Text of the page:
“Growing At-Risk Medicinal Herbs,” Second Edition by Richo Cech
Growing At-Risk Medicinal Herbs (Cultivation, Conservation and Ecology), Second Edition
Written by Richo Cech and illustrated by Sena Cech.
This second edition was rewritten and published in 2017. A compendium of information about 20 native herbs of North America and Hawaii, with an emphasis on conservation through cultivation. Here’s a list of the herbs that are covered in great detail:
Black Cohosh (Cimicifuga (Actaeae) racemosa)
Bloodroot (Sanguinaria canadensis)
Blue Cohosh (Caulophyllum thalictroides)
Echinacea (all 9 native American species)
Ginseng, American (Panax quinquefolius)
Goldenseal (Hydrastis canadensis)
Kava Kava (Piper methysticum)
Lady’s Slipper Orchid (all American species of Cypripedium)
Lomatium (Lomatium dissectum)
Osha (Ligusticum porteri)
Peyote (Lophophora williamsii)
Slippery Elm (Ulmus rubra)
Stillingia (Stillingia sylvatica)
Trillium (Trillium erectum)
Unicorn, False (Chamaelirium luteum)
Unicorn, True (Aletris farinosa)
Venus Flytrap (Dionaea muscipula)
Virginia Snakeroot (Aristolochia serpentaria)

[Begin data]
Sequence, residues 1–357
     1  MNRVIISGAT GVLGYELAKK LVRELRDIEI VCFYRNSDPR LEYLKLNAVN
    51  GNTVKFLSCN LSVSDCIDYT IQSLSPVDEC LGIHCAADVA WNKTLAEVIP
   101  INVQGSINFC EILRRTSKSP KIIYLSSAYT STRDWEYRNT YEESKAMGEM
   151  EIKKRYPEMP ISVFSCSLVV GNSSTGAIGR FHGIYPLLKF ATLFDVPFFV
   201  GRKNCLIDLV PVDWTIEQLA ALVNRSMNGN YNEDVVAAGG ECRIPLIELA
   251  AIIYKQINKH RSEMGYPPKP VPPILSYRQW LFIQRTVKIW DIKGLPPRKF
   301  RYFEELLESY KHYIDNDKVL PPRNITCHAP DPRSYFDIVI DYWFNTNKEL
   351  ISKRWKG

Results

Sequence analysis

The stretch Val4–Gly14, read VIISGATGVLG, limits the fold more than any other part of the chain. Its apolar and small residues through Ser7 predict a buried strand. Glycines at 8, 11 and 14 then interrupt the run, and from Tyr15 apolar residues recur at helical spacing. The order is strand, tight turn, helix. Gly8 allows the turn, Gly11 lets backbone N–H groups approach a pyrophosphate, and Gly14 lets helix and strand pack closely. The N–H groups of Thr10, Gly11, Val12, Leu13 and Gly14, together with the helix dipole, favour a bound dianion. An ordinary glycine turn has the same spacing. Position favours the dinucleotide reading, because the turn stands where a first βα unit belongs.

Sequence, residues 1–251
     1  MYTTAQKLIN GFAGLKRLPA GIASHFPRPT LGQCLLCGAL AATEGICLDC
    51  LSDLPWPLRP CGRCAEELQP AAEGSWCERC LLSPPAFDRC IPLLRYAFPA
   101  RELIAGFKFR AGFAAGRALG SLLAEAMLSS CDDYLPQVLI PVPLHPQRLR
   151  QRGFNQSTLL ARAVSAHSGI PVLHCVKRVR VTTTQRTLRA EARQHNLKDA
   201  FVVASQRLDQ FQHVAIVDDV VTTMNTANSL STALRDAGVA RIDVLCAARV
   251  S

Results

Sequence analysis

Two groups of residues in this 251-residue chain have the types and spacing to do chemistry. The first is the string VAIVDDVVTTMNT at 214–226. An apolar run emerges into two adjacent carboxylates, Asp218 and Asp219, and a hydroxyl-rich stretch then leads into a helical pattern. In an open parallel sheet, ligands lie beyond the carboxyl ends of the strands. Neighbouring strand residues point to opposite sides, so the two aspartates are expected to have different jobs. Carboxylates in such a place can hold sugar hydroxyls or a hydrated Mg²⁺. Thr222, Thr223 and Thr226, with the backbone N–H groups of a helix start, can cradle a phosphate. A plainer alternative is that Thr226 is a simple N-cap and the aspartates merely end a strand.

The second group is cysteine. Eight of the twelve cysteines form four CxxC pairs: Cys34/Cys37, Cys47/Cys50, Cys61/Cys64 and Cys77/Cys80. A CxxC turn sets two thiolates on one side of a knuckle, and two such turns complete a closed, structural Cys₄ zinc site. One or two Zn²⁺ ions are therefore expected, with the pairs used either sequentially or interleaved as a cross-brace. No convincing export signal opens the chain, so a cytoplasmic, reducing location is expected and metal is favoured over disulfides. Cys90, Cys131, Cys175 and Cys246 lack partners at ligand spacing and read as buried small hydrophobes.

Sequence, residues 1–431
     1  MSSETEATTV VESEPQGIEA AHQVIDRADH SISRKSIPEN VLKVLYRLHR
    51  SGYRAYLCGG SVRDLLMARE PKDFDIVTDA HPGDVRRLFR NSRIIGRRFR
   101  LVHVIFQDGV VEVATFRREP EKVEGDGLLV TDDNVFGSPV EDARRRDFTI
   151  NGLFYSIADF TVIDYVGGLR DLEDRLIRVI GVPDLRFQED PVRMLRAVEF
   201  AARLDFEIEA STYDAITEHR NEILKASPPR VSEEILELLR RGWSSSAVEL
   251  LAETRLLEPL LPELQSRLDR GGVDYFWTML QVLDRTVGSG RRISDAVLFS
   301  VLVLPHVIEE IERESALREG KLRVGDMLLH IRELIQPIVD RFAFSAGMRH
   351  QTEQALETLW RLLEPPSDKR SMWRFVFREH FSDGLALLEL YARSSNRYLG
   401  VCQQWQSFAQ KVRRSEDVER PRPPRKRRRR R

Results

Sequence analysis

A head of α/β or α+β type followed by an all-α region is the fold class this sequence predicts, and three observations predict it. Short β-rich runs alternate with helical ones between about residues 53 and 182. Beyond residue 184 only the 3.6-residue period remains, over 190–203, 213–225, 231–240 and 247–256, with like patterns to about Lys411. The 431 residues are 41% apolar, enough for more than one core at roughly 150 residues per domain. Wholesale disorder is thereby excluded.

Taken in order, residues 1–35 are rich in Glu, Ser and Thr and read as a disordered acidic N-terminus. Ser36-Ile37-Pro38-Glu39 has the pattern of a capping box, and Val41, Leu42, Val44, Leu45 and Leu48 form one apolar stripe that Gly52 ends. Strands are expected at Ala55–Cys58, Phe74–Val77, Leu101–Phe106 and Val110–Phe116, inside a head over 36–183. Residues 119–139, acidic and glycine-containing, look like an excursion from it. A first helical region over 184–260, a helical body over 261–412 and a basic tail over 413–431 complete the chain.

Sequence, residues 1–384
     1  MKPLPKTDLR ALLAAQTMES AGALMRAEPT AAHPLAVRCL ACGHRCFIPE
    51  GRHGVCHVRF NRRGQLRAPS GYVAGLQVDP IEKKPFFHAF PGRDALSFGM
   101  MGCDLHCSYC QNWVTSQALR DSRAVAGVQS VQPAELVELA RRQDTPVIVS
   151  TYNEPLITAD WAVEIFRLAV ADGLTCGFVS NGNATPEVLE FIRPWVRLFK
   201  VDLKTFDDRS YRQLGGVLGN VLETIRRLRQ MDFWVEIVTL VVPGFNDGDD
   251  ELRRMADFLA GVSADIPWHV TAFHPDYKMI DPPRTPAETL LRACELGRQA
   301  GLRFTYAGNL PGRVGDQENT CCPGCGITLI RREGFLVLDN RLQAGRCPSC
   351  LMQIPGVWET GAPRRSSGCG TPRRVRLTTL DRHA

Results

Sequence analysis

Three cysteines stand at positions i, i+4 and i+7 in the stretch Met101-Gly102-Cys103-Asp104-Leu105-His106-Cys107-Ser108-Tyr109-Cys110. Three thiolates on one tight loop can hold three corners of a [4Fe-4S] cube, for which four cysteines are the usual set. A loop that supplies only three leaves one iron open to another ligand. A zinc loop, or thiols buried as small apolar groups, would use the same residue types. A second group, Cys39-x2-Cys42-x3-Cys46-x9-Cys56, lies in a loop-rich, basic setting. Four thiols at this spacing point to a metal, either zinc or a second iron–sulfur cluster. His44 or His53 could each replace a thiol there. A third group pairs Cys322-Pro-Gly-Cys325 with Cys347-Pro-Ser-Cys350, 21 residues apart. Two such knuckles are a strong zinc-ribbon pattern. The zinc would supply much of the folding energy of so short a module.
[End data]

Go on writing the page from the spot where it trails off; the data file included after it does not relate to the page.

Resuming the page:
Wild Yam, American (2 native American species)
Plus another 740 herbs referenced in relation to the above primary herbs.
This book is for those who want to contribute to the conservation of these traditional medicinal plants. Also for those who would like to grow herbs and make a difference in people’s health and well being. There are many avenues available for making a living with medicinal herbs–growing common weeds, growing the standard herbs of commerce, concentrating on herbs from a given tradition, relating to the native herbs of a particular ecology (especially the one where you reside!), or choosing the rare and unusual, which helps distinguish the grower (or make the grower seem distinguished, I’m not sure which).
“At-Risk” includes an entertaining foreword by Michael Moore, who as a writer disseminated a lot of jewels while he still resided on this plane. The revision removed all the legal gobbledygoop about what entity rated which plant rare and where. We replaced this with level-headed advice to growers under the heading “conservation through cultivation” at the end of every chapter. If this book can lead willing growers to a new herb, and help re-establish native roots in good soil, then it has done what it set out to do.
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